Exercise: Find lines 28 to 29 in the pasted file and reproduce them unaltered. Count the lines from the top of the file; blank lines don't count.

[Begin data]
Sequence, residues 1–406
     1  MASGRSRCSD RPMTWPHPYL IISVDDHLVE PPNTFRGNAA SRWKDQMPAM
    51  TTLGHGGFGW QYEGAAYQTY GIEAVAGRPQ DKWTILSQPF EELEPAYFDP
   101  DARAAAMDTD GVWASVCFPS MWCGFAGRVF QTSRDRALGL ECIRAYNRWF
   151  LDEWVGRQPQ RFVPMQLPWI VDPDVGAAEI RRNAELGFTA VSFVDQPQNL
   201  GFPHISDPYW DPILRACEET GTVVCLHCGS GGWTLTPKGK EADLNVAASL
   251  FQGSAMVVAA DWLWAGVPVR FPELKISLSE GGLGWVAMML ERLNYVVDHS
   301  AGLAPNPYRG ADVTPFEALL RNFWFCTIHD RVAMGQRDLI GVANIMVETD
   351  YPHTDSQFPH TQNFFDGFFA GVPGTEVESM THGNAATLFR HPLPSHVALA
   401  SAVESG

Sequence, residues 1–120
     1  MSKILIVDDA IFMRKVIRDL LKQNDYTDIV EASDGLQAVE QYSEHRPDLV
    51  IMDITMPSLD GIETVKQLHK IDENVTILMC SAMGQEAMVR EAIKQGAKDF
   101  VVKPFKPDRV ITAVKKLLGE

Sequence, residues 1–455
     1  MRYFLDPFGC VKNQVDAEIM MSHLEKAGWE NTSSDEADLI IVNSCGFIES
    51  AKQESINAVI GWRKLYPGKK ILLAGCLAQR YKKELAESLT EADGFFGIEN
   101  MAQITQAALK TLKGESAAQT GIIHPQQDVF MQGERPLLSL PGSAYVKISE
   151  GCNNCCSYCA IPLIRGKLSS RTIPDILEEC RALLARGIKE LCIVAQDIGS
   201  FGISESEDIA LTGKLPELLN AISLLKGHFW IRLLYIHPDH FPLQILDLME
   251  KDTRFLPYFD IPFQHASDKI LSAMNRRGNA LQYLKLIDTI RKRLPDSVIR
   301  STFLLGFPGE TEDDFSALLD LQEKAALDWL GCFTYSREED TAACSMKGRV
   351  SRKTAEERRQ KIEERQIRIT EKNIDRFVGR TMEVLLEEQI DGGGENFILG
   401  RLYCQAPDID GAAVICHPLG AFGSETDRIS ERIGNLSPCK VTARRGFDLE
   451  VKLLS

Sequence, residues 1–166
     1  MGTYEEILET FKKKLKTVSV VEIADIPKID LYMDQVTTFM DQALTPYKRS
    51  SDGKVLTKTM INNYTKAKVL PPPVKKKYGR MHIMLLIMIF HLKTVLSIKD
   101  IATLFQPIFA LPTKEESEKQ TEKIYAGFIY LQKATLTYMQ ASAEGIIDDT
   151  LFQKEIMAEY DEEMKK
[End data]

    51  SDGKVLTKTM INNYTKAKVL PPPVKKKYGR MHIMLLIMIF HLKTVLSIKD
   101  IATLFQPIFA LPTKEESEKQ TEKIYAGFIY LQKATLTYMQ ASAEGIIDDT